John Cage was an avant-garde composer from the US who believed that every type of music, from classical to blues to pop, was of equal worth. In 1952 Cage wrote 4â€™33â€ and revelled in the controversy it created. His most famous orchestral piece, 4â€™33â€, is a three-movement composition consisting of 273 seconds of silence.
The aural equivalent to being spat on, support act The Hunter Gracchus subject a bemused audience to 15 minutes of improvised white noise. This consists of electric guitar and violin feedback, a dying saxophone and the old clichÃ©, a wailing woman; if you’re planning on butchering your family with a pick axe and want some appropriate music to do it to, this band is for you.
tUnE-yArDs, the brainchild of the clearly unhinged but super-talented Merrill Garbus, opened my Glastonbury 2010 (Rolf Harris doing ‘Stairway To Heaven’ doesn’t count) on the West Holt Stage early on Friday afternoon, with a set of songs from debut album ‘Bird-Brains’. In contrast to the lo-fi sound of the album, recorded solely by Garbus using a sound recorder, a full band complete with 3 drummers, including Garbus herself, meant that the tribal energy of the songs broke through. Driven by a kind of afro-beat rhythm that builds and builds on top of Garbus’ distinctive chanting and yodelling, this all came together to form a sound that’s brilliantly smart and stupidly brilliant, exemplified in ‘Sunlight’.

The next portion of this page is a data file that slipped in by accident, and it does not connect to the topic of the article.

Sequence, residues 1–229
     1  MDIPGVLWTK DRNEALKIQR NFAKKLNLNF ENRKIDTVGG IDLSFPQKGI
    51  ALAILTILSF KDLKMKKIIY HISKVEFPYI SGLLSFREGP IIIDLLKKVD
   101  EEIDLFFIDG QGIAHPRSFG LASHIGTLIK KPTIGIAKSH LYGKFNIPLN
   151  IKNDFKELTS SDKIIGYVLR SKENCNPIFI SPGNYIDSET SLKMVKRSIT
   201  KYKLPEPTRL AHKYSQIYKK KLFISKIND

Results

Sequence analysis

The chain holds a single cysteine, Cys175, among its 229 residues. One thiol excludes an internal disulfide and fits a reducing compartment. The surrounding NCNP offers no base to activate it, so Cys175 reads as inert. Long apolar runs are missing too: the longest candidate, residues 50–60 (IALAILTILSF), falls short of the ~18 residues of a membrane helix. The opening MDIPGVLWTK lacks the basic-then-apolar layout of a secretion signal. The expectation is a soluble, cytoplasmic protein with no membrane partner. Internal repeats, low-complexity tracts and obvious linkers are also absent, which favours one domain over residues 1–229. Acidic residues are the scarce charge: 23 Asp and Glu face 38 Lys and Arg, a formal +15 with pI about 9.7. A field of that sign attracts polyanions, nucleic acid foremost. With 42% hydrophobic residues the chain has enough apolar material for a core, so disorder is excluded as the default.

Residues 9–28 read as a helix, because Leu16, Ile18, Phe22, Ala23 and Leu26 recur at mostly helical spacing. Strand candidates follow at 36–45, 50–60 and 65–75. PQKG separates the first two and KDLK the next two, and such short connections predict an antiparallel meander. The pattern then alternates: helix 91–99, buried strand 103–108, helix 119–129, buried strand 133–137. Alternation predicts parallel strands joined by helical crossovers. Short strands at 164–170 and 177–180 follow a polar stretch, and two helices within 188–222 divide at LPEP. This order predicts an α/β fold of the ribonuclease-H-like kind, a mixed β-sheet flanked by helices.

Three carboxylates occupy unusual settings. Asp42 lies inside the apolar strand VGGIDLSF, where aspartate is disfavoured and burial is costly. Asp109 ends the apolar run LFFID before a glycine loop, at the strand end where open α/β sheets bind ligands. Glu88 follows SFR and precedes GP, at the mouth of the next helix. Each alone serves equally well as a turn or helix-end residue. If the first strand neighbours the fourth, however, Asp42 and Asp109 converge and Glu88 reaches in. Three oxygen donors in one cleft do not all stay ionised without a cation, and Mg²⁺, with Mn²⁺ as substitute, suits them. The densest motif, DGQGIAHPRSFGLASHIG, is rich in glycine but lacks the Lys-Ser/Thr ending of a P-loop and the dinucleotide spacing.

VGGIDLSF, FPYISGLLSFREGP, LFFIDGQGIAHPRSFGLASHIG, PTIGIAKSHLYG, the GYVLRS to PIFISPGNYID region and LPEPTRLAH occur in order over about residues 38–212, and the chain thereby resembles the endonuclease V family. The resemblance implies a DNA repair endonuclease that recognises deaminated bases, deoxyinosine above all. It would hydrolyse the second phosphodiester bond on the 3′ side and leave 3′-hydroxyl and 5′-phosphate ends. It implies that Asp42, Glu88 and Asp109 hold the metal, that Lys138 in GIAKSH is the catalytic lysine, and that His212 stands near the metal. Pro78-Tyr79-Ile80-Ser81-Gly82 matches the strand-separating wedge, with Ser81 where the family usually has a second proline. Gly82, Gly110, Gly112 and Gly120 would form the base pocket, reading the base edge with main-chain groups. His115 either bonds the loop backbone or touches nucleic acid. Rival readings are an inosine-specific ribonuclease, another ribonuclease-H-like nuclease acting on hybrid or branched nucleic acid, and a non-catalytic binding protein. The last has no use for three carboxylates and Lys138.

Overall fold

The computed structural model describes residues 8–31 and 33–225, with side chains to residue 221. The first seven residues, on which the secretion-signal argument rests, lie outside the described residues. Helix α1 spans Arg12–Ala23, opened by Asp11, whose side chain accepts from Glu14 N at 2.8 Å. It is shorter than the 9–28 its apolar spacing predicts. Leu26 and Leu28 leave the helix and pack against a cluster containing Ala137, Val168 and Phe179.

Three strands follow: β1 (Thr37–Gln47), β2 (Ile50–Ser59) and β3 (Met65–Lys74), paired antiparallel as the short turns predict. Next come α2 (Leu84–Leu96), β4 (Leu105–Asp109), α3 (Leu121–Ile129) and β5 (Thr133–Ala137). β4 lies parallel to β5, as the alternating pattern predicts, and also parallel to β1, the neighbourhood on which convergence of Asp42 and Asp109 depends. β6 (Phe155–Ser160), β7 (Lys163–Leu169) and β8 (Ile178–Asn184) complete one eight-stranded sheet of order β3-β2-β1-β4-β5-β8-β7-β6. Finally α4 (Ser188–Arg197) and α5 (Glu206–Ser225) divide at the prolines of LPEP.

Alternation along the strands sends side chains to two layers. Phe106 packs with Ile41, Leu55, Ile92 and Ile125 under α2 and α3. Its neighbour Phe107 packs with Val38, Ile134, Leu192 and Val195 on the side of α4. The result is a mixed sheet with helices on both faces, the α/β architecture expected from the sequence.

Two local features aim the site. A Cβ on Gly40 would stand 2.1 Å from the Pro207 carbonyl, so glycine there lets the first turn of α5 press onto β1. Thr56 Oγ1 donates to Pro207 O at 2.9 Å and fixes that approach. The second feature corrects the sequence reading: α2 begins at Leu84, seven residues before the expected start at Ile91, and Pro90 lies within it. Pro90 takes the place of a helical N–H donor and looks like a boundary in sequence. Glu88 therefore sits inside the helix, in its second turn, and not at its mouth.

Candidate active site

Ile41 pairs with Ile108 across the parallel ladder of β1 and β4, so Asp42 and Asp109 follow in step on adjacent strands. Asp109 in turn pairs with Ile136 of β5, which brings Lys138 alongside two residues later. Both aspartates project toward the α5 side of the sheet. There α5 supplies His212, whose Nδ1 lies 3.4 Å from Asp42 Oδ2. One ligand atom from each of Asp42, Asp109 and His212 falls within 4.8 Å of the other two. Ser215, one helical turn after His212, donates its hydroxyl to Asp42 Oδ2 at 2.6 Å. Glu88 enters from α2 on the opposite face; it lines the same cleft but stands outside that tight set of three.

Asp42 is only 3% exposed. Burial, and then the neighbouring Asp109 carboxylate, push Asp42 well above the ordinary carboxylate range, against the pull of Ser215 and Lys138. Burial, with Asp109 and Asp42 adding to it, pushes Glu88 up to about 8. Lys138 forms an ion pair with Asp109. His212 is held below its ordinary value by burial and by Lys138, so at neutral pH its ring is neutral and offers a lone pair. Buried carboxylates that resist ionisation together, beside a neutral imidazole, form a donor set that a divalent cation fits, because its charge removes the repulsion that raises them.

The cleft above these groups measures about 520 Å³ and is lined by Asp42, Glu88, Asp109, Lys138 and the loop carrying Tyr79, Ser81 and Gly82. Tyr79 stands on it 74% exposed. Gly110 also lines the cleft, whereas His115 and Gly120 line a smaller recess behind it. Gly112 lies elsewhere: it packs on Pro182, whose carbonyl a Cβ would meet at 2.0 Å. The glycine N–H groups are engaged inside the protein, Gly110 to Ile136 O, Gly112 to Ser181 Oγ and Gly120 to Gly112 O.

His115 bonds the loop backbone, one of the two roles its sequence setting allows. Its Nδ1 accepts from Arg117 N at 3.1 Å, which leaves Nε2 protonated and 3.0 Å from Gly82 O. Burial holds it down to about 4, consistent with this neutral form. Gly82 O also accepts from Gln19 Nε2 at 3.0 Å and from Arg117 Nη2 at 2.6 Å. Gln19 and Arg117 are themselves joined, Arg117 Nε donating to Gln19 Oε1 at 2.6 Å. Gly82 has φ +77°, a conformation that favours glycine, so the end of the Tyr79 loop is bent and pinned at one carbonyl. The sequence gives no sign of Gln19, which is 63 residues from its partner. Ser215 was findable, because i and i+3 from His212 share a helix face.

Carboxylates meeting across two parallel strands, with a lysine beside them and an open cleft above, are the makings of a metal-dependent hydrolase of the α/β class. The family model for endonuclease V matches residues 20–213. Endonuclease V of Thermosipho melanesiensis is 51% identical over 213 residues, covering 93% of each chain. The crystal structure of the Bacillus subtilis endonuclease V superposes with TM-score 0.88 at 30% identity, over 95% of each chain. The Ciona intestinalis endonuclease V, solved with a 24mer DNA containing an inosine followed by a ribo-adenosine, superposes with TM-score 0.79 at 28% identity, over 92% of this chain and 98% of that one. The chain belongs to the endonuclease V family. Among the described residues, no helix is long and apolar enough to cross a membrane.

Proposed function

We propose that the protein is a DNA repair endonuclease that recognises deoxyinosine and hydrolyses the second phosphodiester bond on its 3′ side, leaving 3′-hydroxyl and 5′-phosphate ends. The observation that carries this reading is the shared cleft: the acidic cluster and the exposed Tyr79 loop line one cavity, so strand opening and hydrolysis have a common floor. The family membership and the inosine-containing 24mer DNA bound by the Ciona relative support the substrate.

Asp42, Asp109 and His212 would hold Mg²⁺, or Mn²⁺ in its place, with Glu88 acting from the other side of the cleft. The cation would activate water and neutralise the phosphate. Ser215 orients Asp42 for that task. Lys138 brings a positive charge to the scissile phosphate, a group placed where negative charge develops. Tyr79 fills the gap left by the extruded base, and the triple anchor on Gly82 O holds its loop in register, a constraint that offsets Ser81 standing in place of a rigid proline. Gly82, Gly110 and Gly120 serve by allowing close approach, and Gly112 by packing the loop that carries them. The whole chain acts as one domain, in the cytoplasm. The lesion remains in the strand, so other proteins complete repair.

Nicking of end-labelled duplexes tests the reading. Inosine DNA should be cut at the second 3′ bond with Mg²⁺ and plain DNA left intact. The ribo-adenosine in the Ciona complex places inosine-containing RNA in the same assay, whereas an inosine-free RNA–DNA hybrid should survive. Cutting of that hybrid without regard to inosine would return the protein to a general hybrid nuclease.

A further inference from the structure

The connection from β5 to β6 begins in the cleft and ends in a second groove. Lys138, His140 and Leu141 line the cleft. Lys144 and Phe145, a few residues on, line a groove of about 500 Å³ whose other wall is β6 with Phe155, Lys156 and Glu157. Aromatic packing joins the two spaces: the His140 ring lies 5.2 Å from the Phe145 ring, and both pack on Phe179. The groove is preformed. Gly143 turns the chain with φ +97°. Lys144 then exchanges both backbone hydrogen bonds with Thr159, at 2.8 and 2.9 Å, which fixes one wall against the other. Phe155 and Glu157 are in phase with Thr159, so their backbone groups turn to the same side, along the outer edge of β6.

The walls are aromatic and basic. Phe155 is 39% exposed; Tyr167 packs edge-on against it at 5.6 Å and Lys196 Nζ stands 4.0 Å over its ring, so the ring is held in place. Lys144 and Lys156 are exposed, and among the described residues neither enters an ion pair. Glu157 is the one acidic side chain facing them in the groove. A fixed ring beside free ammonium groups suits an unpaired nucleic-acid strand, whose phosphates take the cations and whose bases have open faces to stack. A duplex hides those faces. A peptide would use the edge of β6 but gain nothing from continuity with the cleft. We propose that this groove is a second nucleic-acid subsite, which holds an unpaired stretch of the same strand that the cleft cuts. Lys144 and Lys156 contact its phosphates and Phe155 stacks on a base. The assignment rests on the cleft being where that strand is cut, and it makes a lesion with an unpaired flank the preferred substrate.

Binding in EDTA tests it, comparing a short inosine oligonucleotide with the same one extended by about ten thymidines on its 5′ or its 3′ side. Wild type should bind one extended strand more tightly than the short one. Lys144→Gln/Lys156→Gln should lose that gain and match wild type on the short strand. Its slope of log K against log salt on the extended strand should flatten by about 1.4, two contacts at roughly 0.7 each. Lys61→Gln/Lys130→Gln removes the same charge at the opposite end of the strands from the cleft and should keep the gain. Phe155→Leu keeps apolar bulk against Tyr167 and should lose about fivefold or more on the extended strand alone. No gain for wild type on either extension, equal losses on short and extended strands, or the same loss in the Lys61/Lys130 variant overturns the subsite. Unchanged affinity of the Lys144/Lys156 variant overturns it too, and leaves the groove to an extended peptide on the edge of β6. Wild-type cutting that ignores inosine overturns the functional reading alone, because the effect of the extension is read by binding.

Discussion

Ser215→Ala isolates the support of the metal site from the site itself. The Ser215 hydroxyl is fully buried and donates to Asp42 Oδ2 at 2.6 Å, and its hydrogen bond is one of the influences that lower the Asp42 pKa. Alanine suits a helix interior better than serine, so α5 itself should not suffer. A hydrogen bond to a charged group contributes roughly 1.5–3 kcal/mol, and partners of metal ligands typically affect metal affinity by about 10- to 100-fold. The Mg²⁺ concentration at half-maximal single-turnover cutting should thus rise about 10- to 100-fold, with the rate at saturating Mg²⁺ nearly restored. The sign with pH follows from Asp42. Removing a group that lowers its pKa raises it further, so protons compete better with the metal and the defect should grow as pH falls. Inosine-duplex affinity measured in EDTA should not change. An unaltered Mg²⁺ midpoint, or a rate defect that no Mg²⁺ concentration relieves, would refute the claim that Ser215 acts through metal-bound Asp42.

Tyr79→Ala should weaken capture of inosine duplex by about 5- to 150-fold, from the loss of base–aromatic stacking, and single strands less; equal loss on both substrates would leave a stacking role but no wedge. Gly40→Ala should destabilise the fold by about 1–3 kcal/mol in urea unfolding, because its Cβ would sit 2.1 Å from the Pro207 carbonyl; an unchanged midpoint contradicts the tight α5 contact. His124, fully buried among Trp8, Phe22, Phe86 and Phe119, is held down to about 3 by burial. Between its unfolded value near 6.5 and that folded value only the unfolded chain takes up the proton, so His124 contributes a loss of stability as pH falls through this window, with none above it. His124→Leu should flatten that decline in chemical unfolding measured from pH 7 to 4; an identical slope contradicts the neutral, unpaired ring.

Rivaling Liam Gallagher in terms of misplaced arrogance, Continue reading
Snooping on each other is common ground nowadays, blessed as we are with the ability to know what our friends/siblings/that weird guy from primary school are all doing every minute of everyday thanks to Facebook. Now Spotify has opened up the realm of snooping to epic and potentially humiliating proportions with its new â€˜socialâ€™ feature, purpose built to let us pass judgement on our friendâ€™s music tastes. Jonathan from Spotify optimistically tells us its designed to allow users to share music between each other. Pah. Itâ€™s much more about being able to discover that that friend you have, who purports to listen only to neurofunk, darkcore and nitzhonot (which for those of you that donâ€™t know, is a crossover between Goa trance and uplifting trance that emerged during the mid-late 1990s in Israel*) quite clearly thinks the new album of Lady Gaga remixes is pretty great.
*I didnâ€™t make this up, it has its own wikipedia page
Hello, my name is Nico Franks, and, for fans of irony, this blog post, intended as a first-foray into music criticism, puts to you that the thousands of internet blogs devoted to finding new music (like this one) are killing music criticism. The days of paying the seasoned rock critic for their opinion are over, because all we need do now is enter the blogosphere to find out what anyone thinks about a new band, gig or album. Is this tidal wave of free-criticism shining a light on the cream of the crop, helping us choose only the best and most worthy bands to listen to, or is it creating a whirlwind of undeserved hype around new bands?